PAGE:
kconfig-language.txtin the NuttX tools repository). This
Kconfigfile should be included by the
The application source code should provide the entry point:
Set the requirements in the file:
Makefile, specially the lines:
PROGNAME = progname PRIORITY = SCHED_PRIORITY_DEFAULT STACKSIZE = 768 ASRCS = asm source file list as a.asm b.asm ... CSRCS = C source file list as foo1.c foo2.c ..
Make.defs file should include a line like:
ifneq ($(CONFIG_PROGNAME),) CONFIGURED_APPS += progname endif
Q: Has anyone come up with a tidy way to build NuttX with board- specific pieces outside the source tree?
A: Here are three:
There is a make target called
make export. It will build NuttX, then bundle all of the header files, libraries, startup objects, and other build components into a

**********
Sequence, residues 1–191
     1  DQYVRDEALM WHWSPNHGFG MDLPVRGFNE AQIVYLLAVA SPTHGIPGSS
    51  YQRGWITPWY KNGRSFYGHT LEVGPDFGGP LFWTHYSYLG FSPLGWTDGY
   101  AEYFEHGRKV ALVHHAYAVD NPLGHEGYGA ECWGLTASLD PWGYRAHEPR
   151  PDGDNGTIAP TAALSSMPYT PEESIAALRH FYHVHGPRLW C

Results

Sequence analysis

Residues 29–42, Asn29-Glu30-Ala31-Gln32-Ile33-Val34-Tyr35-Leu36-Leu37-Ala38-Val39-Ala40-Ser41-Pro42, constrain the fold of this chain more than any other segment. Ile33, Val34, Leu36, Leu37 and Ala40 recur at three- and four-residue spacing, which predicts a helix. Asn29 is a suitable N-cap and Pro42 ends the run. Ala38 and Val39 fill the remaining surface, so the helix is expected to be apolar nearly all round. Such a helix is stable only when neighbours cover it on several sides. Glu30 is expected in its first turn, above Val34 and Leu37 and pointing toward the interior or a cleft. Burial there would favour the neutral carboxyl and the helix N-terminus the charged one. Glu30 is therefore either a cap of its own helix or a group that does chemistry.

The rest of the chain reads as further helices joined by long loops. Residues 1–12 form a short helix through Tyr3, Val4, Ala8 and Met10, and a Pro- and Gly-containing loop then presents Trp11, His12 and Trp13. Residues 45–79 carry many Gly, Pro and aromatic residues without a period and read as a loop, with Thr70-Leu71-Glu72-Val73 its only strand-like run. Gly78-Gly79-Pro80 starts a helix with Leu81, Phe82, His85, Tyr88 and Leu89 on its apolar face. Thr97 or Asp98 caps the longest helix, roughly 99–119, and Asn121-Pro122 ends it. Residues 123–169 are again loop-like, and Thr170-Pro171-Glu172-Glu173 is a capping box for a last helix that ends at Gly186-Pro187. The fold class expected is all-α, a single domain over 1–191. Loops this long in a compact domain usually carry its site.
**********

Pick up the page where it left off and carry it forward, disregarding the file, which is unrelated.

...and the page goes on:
.zip file. You can move that
.zip file into any build environment you want. You can even build NuttX under a DOS
This make target is documented in the top level
You can replace the entire
apps/ directory. If there is nothing in the
apps/ directory that you need, you can define
CONFIG_APPS_DIR in your
.config file so that it points to a different, custom application directory.
You can copy any pieces that you like from the old apps/directory to your custom apps directory as necessary.
This is documented in
nuttx/Documentation/NuttXPortingGuide.html (Online at https://bitbucket.org/nuttx/nuttx/src/master/Documentation/NuttXPortingGuide.html#apndxconfigs under Build options). And in the
If you like the random collection of stuff in the
apps/ directory but just want to expand the existing components with your own, external sub-directory then there is an easy way to that too: You just create a symbolic link in the
apps/ directory that redirects to your application sub-directory.